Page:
Tip 14 comprises a thin-walled elastomeric sleeve 40 closed at one end by a solid bulbous and rounded tip portion 42. Sleeve 40 overlies and compressively engages (i.e., is stretched around) the outer cylindrical surface of the distal end portion of tube 38. Tip portion 42 overlies the axial distal end of tube 38, closing off the ends of drainage lumen 18 and inflation lumen 24. In the illustrated preferred embodiment, tip 14 is a unitary piece of elastomeric silicone rubber, and is adhesively bonded to tube 38 by a layer of adhesive 43. In addition to providing a bond between the facing surfaces of the tip and tube, the bonding adhesive 43 flows into and blocks the ends of drainage lumen 18 and inflation lumen 24.
Balloon 28 is similar to the inflation balloons used in conventional catheters. It is elastomeric (in the preferred embodiment, elastomeric silicone rubber) and is bonded, typically by an adhesive layer 27, around the exterior of tip sleeve 40. As shown, opening 26 extends through the side walls of both tube 38 and sleeve 40, to permit fluid flow from inflation lumen 24 into balloon 28.
Connection bell 20 and side arm 22 are made of any suitable non-rigid material, generally other than polytetrafluoroethylene. Typically, they comprise an elastomeric material such as rubber latex or silicone elastomer. Other suitable materials include polyvinylchloride and polyurethane.
As shown in FIG. 3, connection bell 20 includes a generally frustro-conical wall 44 and an internal axial barrier 46 with an axial opening 48 extending therethrough. The adjacent axial end portion of tube 38 is fitted into a cylindrical recess 50 at the smaller diameter end of bell 20, with the axial end face of the tube engaging barrier 46 and drainage lumen 18 communicating with opening 48. The tube and bell are bonded together by adhesive 47, and the adhesive flows slightly into and blocks the end of inflation lumen 24.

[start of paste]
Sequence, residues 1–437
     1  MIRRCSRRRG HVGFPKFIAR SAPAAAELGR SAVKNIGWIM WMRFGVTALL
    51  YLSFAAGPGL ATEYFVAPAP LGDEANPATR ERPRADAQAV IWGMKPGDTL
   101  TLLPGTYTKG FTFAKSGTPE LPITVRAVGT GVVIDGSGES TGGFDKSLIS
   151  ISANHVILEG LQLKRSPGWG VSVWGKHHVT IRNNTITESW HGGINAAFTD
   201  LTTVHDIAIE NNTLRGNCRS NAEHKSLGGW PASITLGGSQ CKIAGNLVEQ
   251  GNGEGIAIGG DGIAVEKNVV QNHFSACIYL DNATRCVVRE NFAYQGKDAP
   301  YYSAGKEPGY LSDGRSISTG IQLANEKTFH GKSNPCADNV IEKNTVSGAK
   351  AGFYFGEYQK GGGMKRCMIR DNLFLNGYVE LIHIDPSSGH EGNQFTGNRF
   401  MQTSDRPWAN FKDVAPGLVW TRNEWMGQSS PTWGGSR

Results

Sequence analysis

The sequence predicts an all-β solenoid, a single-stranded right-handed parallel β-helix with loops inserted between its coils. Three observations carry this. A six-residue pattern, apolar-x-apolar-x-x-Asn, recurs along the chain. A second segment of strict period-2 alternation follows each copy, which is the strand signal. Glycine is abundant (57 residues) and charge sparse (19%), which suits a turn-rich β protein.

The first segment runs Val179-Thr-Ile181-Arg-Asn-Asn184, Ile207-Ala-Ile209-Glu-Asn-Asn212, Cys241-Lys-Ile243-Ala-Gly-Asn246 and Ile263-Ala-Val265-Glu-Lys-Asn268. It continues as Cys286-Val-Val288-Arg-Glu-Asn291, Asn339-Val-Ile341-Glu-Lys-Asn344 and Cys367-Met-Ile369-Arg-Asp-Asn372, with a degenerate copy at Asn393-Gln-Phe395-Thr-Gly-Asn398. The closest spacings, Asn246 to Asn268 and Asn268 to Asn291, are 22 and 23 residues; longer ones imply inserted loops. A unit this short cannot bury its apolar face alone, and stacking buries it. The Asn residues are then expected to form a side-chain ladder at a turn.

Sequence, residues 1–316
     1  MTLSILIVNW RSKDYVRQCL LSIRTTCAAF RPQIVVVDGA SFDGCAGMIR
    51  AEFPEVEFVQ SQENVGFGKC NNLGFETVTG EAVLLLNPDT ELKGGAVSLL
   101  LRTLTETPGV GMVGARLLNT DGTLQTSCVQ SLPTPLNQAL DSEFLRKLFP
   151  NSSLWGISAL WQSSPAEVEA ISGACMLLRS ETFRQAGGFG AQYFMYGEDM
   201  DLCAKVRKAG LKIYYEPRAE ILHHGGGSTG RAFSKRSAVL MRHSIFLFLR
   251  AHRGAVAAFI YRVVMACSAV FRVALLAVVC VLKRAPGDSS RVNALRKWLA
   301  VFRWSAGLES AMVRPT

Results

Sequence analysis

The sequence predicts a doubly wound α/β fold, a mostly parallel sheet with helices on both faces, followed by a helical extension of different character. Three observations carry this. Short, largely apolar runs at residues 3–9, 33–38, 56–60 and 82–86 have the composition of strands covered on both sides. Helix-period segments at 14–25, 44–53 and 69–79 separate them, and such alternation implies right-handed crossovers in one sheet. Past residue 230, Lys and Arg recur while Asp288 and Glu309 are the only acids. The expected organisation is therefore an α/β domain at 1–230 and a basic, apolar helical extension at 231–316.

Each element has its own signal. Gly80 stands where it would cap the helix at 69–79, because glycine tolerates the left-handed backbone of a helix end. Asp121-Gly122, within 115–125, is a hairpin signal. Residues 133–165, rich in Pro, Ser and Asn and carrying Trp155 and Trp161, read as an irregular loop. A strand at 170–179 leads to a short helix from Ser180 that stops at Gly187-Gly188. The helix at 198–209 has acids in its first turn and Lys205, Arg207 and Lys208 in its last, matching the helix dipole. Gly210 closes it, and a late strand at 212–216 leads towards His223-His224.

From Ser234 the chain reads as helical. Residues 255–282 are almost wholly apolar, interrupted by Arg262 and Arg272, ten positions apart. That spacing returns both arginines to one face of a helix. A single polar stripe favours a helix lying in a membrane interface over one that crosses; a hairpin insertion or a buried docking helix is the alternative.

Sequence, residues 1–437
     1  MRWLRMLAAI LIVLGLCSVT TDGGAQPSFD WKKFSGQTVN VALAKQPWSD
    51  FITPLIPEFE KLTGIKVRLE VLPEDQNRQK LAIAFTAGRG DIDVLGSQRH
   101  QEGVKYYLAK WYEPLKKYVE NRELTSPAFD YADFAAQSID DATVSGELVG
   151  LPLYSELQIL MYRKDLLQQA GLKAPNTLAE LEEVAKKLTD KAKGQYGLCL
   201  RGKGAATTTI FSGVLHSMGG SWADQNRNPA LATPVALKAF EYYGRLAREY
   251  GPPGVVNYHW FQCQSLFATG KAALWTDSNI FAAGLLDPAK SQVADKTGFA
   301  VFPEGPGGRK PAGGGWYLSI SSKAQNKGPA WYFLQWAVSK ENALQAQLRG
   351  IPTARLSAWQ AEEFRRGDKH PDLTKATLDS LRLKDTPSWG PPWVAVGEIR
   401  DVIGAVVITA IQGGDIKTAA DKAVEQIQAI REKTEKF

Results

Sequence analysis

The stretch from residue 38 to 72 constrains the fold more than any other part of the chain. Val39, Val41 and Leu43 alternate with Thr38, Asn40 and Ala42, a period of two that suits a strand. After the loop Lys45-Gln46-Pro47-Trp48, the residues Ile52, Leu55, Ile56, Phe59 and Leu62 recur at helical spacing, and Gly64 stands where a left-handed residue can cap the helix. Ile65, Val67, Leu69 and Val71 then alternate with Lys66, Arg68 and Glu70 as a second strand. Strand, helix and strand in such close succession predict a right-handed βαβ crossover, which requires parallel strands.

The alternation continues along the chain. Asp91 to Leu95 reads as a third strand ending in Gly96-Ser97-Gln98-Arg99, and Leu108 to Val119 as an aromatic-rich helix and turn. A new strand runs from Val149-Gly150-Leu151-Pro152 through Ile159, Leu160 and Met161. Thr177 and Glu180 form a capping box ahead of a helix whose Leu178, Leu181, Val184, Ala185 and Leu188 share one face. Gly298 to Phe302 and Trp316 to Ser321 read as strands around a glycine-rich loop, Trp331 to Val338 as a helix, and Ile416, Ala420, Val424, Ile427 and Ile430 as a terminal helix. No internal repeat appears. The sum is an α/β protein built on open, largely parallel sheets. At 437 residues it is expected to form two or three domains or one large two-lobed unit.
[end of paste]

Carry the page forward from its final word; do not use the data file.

Side arm 22 comprises a generally circular in cross-section, flexible tube the smaller diameter end of which defines a sleeve 25 compressively surrounding and bonded by adhesive 23 to the outer surface of main tube 38. A conventional combination stopper plug and inflator valve 36 is fitted into the larger diameter end. In other embodiments, in which the catheter is of the self-inflation type, side arm 22 will be of, or at the least will include a portion which is, an elastomeric material (such as elastomeric silicone rubber) which may be inflated to contain a reservoir of fluid for inflating bag 28.
Reference is now made to FIG. 4, wherein is shown a modified embodiment of the present invention. Many portions of the embodiment of FIG. 4 are substantially identical to corresponding portions of that of FIGS. 1-3 and are identified by the same reference numerals, with a differentiating prime (') added. More specifically, FIG. 4 illustrates the distal end portion of a catheter 10' substantially identical to catheter 10 except for the configuration of tip 14' and inflation balloon 28'. As shown, tip 14' is an integral part of shaft 12', and inflation balloon 28' surrounds and is bonded by adhesive layer 27' directly to the exterior surface of the shaft. The specific configuration of the distal end portion of catheter 10, i.e., an inflation balloon 28 overlying the elongated sleeve 40 of a separate tip 14, forms no part of the present invention.
FIG. 5 illustrates an elongated microporous adapter 100 having one end thereof attached to the connection bell 20 of catheter 10 and the other end thereof attached to drainage tube 32. As shown, adapter 100 comprises a generally cylindrical tube having a bore 102 extending axially through its entire length. One end 104 of adapter 100 is tapered so that its outer surface is in the form of a conical frustum. A cylindrical flange 108 of reduced diameter projects axially from the other end 106. Tapered end 104 is inserted tightly into connection bell 20, and drainage tube 32 is expanded over and fitted tightly around flange 108. The distance adapter 100 may be inserted into connection bell 20 is limited by the increasing diameter of tapered end 104 and, in the illustrated embodiment, by axially-facing step 110 between the conical surface of tapered end 104 and the outer cylindrical surface 112 of the central portion of adapter 100. The distance tube 32 may be fitted over flange 108 limited by the axially-facing surface of end 106. The cylindrical outer surface 112 of adapter 100, between connection bell 20 and drainage tube 32, define an air flow area, having a length equal to the axial distance between step 110 and end 106, through which air may migrate through adapter 100 to bore 102.